Trapelo Road Schedule

Please note: some information in this post has been superseded — click here for latest.

Glenn Clancy, Director of the Community Development Department of Belmont recently posted a tentative schedule for the Trapelo Road Rebuild Project.

Drainage and subsurface work is in progress now all along the corridor. The actual road work will be done in seven segments, which will minimize disruption along the corridor as the project is completed from west to east. The plans call for the completion of three segments, from the Waltham line to Poplar Street in 2014, and four planned, from Poplar Street to the Cambridge Line in 2015.

Much of the utility, traffic signal and sidewalk work will  be completed ahead of the road segments.  Installation and resetting of benches, bus shelters, fencing, signage, bike racks, bollards, and road markings is planned for the conclusion of the project in 2015.  Landscaping is scheduled for the summer of 2015, which will include the planting of 200 new trees.

The expected completion dates of each segment:

Waltham Line to Church Street July 25th, 2014
Church Street to Hull Street September 12th, 2014
Hull Street to Poplar Street October 30th, 2014
Poplar Street to Common Street April 15th, 2015
Common Street to Payson Road June 3rd, 2015
Payson Road to Falmouth Street July 20th, 2015
Falmouth Street to Cambridge Line September 2nd, 2015

Andrew Bettinelli
Legislative Aide
Office of State Senator William N. Brownsberger

5 replies on “Trapelo Road Schedule”

  1. Will, it looks like the original plan was to remove the tracks under Trapelo Rd. Is there a document that explains why the tracks will now be retained?

    From the scope of work doc on the Belmont town website:


    The work under this Item shall be done in conformance with the relevant provisions of Section 120, as required by the Engineer, and the following:

    The work under this Item shall consist of the excavation, removal, and disposal of the existing steel tracks and concrete foundation with either two or four rails with approved pavement breaker and/or pavement saw, including the removal and discarding off-site of the rails, ties, drainage pipe, switches, sidings, and the concrete, brick or stone foundation materials

  2. Roy, you are not alone in having this concern, and I share it. Please see this FAQ document.

    It would make everyone more comfortable if the tracks were coming out, but the paving experts have opined that the tracks will not be the biggest structural problem that the road faces — by the time the tracks cause problems there will be many other problems in the road bed.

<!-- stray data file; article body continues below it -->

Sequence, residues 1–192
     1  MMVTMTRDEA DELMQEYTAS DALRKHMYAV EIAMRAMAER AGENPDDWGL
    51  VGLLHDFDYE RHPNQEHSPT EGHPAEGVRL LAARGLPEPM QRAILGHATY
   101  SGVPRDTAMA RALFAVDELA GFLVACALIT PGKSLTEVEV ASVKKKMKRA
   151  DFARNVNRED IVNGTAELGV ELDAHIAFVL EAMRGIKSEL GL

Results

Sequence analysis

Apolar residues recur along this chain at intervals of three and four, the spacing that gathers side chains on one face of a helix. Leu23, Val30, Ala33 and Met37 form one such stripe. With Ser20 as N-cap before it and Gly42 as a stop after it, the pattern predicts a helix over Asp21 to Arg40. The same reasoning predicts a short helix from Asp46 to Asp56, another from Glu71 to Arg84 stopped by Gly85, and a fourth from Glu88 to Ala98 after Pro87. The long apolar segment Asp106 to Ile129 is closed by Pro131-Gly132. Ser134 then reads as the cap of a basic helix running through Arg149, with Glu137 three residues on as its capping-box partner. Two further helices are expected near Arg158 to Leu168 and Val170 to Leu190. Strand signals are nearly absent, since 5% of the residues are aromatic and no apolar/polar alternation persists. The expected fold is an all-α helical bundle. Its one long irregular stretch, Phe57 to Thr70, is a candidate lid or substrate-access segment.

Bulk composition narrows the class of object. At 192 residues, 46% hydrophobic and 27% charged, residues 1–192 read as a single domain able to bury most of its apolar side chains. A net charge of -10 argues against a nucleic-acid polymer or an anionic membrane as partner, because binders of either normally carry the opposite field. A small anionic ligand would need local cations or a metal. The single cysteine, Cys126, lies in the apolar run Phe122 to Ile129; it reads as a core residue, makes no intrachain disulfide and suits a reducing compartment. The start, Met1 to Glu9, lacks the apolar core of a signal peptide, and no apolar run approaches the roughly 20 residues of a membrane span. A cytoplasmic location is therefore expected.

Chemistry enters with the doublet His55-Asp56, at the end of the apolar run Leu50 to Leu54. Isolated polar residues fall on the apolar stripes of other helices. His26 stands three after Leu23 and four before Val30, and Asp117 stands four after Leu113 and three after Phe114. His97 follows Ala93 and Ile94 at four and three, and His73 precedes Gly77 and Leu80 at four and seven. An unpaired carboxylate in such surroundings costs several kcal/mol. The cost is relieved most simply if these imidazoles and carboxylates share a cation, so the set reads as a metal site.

I’ll ask about the earlier document though — that’s interesting.

  3. Glenn Clancy, Town Engineer of Belmont, explains, in response to Roy’s question:

    There is one set of rails under Church Street that is being removed. This work is paid for under the “Two Rails” item and paid per foot of length.

    There is a raised island with trees being installed in Belmont Street in front of the Oakley Country Club so we need to remove the tracks. This work is paid for under the “Four Rails” item.

    All other rails are remaining in place. The state pavement engineer did not see the need to remove the rails since they have a solid base. The pavement design calls for a thicker layer of asphalt to be installed than what exists today. Remember Trapelo Road and Belmont Street have not been repaved in over 30 years. In that time the pavement breaks down and the tracks under the road begin to show due to reflective cracking. Visible rails are a symptom, lack of maintenance is the problem.

  4. Hi Will — Do I understand from the schedule that there will just one layer of asphalt added? That presumably has to last another 20 years?

    My concern is actually the time difference between the start of the first segment and the completion of the last, that the first parts will already be seeing holes and the inevitable utility “whoops we forgot that” dig ups before the end is done. Could the final layer all be done at once (i.e. over a week or two)?

    Now don’t get me wrong; this is much over due and will be a tremendous improvement.


  5. My understanding is that, as usual, there will be a binder coat and a finish coat. But that they will do both coats on a section before they go to the next section. You don’t want to leave just a binder coat on for long because the structures are set to accommodate the additional thickness of the final layer. If you hold the final coat until the end, all the manhole covers would be up an inch or two — with the attendant risk of accident — for a long time.


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